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Capacity building course for developing countries

With the aim of enabling more countries to participate actively in nuclear test-ban verification, an intensive technical training course was organized for experts from African and Latin American countries. The five-week course, which finished on 3 May, took place at the headquarters of the Preparatory Commission for the Comprehensive Nuclear-Test-Ban Treaty Organization (CTBTO) in Vienna.

Experts from Burkina Faso, Côte d'Ivoire, Djibouti, Jamaica, Mali, Niger, Nigeria and Paraguay participated.

Courtesy of this one-month training course, we have conquered the fear of ‘can we use the data?' Or 'can we run an NDC efficiently?' Every cent the EU and the CTBTO spend on capacity building is money very well spent.

The programme focused on hands-on training in accessing, using and understanding CTBTO data and analyses. Participants learned, for example, how to make their own assessment of the time, location, depth and magnitude of an event. A recent significant event studied in the course was the 12 February announced nuclear test by the Democratic People’s Republic of Korea, which was detected immediately by CTBTO seismic, infrasound and more recently by radionuclide stations.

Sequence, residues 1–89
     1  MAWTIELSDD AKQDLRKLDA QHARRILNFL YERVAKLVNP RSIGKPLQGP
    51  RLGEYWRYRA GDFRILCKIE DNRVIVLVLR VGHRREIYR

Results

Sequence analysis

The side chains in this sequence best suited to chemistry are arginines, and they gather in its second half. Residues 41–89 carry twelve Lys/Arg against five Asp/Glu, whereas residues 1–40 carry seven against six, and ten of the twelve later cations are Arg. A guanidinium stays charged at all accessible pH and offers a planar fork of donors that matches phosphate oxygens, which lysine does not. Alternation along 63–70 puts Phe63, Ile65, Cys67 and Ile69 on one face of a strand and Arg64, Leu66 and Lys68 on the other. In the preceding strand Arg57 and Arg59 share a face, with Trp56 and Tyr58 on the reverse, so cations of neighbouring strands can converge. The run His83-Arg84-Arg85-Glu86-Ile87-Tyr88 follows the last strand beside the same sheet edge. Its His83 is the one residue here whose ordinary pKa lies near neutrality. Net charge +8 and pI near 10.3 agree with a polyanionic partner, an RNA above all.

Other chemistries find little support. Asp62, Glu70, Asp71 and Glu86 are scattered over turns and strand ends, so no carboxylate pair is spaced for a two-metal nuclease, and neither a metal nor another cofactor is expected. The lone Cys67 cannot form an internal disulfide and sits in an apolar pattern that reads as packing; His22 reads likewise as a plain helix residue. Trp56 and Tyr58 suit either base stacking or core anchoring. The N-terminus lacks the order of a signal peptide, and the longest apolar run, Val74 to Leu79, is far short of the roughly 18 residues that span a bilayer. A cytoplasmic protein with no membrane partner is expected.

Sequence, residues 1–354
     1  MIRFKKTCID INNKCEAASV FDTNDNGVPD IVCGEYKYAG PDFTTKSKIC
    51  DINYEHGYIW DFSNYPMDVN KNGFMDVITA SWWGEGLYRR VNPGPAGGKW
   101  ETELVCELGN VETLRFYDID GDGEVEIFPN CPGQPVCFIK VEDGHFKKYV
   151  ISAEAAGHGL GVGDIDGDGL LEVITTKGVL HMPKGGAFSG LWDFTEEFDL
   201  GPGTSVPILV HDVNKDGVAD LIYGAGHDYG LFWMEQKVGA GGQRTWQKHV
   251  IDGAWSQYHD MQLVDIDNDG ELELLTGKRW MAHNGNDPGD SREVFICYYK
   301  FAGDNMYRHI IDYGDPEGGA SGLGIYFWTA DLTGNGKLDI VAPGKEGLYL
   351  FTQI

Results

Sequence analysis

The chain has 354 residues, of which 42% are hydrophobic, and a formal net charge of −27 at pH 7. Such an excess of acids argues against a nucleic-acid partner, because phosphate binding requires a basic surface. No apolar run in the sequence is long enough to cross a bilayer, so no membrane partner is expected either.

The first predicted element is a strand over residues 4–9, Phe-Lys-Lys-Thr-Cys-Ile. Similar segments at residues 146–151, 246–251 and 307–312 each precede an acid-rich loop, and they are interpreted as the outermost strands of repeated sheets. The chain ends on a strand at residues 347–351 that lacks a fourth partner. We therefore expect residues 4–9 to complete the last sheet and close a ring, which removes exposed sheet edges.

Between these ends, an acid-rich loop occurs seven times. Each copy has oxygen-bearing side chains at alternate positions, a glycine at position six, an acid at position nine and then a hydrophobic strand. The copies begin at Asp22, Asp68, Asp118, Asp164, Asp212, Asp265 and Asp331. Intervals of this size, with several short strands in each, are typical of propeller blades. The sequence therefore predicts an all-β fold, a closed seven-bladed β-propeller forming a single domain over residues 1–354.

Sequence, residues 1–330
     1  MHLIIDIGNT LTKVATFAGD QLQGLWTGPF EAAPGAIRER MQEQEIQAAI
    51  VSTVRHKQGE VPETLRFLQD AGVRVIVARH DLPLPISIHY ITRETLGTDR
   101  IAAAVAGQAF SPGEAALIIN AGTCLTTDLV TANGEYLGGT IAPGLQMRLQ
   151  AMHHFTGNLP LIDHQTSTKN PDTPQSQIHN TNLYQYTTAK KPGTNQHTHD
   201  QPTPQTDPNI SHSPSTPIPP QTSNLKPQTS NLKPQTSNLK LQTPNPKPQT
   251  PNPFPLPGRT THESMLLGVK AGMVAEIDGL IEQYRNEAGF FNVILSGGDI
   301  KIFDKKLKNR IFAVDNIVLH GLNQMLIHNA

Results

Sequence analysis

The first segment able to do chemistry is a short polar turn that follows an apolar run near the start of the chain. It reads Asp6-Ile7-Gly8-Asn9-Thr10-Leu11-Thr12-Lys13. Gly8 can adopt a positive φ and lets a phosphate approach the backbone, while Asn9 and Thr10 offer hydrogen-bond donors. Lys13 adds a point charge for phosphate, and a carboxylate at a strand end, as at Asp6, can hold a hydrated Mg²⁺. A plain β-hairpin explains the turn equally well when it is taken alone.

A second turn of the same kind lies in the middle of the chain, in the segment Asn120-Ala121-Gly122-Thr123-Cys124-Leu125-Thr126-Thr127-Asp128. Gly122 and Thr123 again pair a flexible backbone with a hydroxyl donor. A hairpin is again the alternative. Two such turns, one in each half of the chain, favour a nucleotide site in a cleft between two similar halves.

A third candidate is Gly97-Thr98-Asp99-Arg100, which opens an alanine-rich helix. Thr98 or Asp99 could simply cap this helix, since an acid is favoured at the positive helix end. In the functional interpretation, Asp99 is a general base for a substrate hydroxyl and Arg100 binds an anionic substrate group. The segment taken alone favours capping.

Uchenna Onwuhaka Madu, Nigerian Atomic Energy Commission

The training was sponsored by the EU, which has been funding the CTBTO's capacity building projects for several years; see press release on the latest voluntary contribution of over five million Euros.
The possibility to merge data from International Monitoring System stations with local stations is very useful. A possible application is the detection of illegal [dynamite] fishing in Jamaica’s waters.

In addition to detecting nuclear tests, participants also expressed interest in using their newly acquired knowledge for a number of non-verification purposes of particular relevance in their home countries, such as monitoring illegal mining or dynamite fishing, and even infrastructure planning.

Karleen Marie Black, University of the West Indies, Jamaica

By looking at seismic activity we can see which roads have more heavy traffic and can plan where to use better materials and where to place buildings and houses around them.

All participants passed the examination, which consisted of analysing a given event in parallel with one of the CTBTO’s data analysts and comparing results.
It’s because of you that we can do our work here. Our station operators and NDC experts are the people who keep us going. If you don’t provide us with your feedback, if you don’t keep our stations running or your National Data Centres in good order, we can’t do our job.



International Data Centre Director Lassina Zerbo (left) congratulating course participants.